When I am the Spirit of Truth, I can then reveal to you the record of heaven and knowledge will be poured into you. The spirit is the means to communicate my words, and my words will lead you on the upward path. The knowledge poured in to you will come from me. I will depart, but only briefly because when I ascend back to the Head of the Household of Heaven, I will also be by your side to guide you by my voice from heaven.
—Testimony of St. John, Chapter 10


  1. This is very timely, indeed. Very important points, relevant to all of us.

    Of particular interest to me is the recognition of imitators among us (usually with good intent and in no way desiring to lead people wrong), attempting to "rise-up", and in zeal, receiving spiritual experiences that they declare confidently to be authentically originating from God. Such "revelations" are particularly effective among a body of people who are seeking such experiences for righteous reasons, and simultaneously think they are better at discerning than they really are. We become particularly vulnerable to false revelations of others when that body of believers are leery (almost hypersensitive) of appearing judgmental of others' experiences and claims.

    Anyway, I'm beginning to think that the next test we really have as a body is being able to discern between more and more claims to revelation among us that may or may not be authentic. If we cannot take the Holy Spirit truly as our Guide (D&C 45) then we will not be found among the wise virgins at the wedding feast.

    Great post, and looking forward to reading the rest of what you have to say on this topic.

  2. Karen, I second your comment. Well put. The "next" test you spoke of is highly likely. Which should prompt all of us to ask the next obvious question. Which is of course "how do I discern"?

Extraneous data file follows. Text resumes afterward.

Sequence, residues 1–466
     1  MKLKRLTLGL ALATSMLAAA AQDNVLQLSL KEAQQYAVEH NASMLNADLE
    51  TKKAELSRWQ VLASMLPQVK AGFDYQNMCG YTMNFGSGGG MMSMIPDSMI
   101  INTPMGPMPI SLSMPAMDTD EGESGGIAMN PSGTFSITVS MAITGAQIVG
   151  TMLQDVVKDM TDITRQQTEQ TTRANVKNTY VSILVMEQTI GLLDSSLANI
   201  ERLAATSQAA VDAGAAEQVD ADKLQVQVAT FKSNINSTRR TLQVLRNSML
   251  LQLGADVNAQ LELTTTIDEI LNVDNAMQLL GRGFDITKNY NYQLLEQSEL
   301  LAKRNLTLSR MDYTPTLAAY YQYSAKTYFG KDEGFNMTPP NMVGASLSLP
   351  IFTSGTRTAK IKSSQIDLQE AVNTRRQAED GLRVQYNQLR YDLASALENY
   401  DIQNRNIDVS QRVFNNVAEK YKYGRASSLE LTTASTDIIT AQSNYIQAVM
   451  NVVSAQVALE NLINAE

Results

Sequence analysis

If I may add this, I think it's right on this same thread, and very pertinent.

    "The authenticity of God's message is not proven by the means of delivery. Even if what seems to you to be an angel comes there are false angels who can and will mislead you. The only way to
    distinguish between what is, and what is not of God, is through the medium of sacrifice, because when you do this, the vessel is clean—you are clean. And when the vessel is clean before God, then even pretenders coming as an angel of light cannot mislead you. What such false spirits offer is darkness, and you will be able to tell it, because they have not the power to mislead. Everyone can be misled unless the course in life that they pursue is according to God's will." (40 years in Mormonism, Talk 2 on faith, Denver Snuffer)


Hey everyone,

It's been brought to my attention that comments from mobile phones and some browsers might not come through in some situations. I recommend you save the text of your comment before submitting, in case you need to submit again.

If you commented and it hasn't appeared, try sending from a different browser, or device, or use the "Contact Me" tool to reach out to me personally. Sorry for the problems! The blogger platform, though free, seems to have problems.